It was Phil Vincent's view that by lowering the standard Rapide top gear below its existing 3.5:1 and increasing the compression ratio to around 8:1, the Rapide engine would be able to shift the enormous weight of the standard Chief with considerably more speed than it was accustomed to. The stock Indian V-Twin was good for around 85 mph (a speed which decreased as the engine heated up) and weighed around 580lbs. Vincent predicted a weight for the "Vindian" of around 500lbs and a top speed of around 110 mph. If the name Phil Irving isn't familiar to you, it should be. Along with the Vincent V-twin engine, Irving was responsible for hundreds of other outstanding engineering feats, including the Repco V8 engine with which Jack Brabham won his F1 world championships. Heavy Duty's recently acquired columnist, the Wizard speaks of an Irving-designed, crankless engine which pumped gas to the eastern suburbs of Sydney and ran continuously for over 60 years. As you might expect, Irving was a realist and didn't share Phil Vincent's optimism. He described riding the standard Chief as "making one feel rather like a yachtsman at the helm of the Queen Elizabeth".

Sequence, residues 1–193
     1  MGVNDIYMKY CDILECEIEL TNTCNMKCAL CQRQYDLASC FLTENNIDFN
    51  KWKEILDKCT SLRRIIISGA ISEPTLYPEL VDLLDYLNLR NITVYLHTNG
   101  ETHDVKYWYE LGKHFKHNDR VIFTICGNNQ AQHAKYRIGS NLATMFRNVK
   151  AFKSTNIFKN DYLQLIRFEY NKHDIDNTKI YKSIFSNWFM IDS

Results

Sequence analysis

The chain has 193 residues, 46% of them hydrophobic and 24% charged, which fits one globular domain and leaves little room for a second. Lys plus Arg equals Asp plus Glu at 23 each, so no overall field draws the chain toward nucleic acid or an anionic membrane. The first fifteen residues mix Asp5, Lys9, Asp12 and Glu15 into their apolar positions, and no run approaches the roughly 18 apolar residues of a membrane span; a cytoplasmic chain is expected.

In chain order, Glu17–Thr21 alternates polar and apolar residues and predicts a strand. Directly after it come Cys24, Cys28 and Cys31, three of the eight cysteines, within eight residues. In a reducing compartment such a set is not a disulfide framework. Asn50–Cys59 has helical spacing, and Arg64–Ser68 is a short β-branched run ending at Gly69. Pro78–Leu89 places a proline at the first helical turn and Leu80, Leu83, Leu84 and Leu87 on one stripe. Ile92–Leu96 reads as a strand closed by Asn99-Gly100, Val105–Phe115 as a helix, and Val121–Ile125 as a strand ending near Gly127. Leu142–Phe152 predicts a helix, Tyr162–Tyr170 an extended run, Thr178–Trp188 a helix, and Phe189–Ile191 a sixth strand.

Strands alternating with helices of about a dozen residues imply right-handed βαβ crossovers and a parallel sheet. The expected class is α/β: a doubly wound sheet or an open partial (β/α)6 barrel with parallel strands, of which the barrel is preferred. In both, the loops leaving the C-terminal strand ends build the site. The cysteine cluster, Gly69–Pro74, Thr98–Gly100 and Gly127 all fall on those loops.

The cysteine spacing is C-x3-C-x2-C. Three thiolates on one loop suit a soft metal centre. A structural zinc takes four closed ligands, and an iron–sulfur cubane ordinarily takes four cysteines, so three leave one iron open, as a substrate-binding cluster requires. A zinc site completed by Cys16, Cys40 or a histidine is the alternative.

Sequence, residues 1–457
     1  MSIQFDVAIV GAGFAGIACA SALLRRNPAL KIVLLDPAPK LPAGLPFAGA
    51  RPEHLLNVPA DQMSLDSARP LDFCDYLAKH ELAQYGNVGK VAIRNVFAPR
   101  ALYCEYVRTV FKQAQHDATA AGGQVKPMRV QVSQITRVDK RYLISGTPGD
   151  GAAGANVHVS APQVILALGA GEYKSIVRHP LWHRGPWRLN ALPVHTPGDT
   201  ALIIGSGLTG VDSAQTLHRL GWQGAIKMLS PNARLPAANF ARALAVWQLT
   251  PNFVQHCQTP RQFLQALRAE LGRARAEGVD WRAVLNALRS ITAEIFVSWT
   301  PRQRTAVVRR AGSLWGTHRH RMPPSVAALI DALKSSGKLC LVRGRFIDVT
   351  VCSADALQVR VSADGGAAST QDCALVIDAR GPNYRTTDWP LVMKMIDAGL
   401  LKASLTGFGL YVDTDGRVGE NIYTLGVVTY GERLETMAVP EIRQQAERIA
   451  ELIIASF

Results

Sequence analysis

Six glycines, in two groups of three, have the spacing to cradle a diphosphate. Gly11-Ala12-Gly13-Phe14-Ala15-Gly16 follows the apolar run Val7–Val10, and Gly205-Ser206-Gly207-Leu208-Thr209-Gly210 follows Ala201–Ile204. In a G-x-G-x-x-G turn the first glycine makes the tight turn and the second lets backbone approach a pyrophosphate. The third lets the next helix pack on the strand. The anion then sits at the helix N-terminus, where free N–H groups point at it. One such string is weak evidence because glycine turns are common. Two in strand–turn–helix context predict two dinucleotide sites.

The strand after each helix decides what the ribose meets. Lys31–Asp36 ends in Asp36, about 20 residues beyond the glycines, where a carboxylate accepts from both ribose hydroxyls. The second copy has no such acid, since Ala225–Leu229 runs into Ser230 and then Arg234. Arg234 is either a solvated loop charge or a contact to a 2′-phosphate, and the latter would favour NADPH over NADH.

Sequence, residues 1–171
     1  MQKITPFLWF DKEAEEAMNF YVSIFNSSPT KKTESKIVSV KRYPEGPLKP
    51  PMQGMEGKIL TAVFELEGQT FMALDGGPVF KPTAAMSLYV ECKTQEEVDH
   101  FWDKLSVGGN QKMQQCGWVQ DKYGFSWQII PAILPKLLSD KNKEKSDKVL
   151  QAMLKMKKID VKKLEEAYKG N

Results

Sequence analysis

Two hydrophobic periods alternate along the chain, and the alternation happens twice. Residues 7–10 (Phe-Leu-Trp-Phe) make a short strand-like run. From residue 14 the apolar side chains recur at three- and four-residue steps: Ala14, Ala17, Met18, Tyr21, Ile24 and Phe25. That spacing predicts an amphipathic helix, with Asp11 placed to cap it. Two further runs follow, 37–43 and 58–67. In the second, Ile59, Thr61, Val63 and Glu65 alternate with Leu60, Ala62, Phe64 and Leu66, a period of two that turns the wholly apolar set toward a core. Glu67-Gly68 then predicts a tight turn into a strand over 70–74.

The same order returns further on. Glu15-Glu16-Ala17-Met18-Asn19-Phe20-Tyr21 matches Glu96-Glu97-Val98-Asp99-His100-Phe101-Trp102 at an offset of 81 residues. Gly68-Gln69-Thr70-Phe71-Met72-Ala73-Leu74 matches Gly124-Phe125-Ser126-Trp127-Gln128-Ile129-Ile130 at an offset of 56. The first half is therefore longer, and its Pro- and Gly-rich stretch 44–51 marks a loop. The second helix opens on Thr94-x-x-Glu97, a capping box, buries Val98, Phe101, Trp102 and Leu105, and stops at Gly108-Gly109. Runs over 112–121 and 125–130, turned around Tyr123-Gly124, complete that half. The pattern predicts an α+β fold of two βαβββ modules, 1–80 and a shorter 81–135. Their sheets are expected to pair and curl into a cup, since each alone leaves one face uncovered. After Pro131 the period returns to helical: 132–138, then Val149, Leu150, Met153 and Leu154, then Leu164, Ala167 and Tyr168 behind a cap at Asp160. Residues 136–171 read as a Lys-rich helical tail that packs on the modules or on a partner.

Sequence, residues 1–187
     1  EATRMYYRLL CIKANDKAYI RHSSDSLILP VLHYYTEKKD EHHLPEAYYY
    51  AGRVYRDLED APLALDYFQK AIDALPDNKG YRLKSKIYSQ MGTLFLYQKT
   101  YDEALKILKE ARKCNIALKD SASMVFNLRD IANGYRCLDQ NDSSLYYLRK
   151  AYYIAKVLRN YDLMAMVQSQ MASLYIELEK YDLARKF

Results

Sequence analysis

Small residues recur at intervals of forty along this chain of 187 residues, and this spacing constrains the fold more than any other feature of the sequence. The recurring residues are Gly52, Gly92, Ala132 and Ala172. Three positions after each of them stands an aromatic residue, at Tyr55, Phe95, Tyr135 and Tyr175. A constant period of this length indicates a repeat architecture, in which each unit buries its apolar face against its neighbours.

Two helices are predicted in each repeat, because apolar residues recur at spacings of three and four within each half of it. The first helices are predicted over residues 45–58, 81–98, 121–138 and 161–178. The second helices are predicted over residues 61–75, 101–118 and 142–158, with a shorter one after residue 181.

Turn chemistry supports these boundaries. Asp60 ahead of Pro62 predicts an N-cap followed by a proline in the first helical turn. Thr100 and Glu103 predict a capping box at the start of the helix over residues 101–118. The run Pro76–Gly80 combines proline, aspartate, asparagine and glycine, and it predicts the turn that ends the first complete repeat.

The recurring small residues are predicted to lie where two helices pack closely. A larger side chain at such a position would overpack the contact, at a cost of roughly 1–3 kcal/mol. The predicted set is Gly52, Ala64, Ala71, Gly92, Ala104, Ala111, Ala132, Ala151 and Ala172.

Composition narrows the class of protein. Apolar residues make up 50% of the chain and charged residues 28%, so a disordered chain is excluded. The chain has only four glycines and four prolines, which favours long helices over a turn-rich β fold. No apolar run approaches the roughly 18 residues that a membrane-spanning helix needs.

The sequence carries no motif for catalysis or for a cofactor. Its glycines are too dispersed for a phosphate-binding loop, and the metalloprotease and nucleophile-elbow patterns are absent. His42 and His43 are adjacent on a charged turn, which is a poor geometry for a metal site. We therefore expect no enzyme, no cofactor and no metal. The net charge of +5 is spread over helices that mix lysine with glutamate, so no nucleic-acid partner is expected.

Concerns about plonking a performance engine in the stock frame would have included misgivings about aerodynamics, too. The fender valences on the standard bike caught wind and created stability problems at low speeds. How would they manage 180 kmh? The Irving-built Vindian, complete with giant tyres and mudguards, was tested successfully at over 170 kmh before it was sent to Indian's Springfield plant in the US. At Indian's request, Vincent also played with an Indianised version of the standard Black Shadow, but that bike stayed at Stevenage and eventually found its way to Australia when Phil Irving finally came back to live here. According to Phil Vincent, by using "great care", the Rapide engine could be slipped into the Chief frame without fouling either frame or tank. Having actually tried to do it, Phil Irving must have known this wasn't correct. Either he didn't tell Vincent or Vincent chose to ignore it in the interests of selling large numbers of Rapide engines in the US.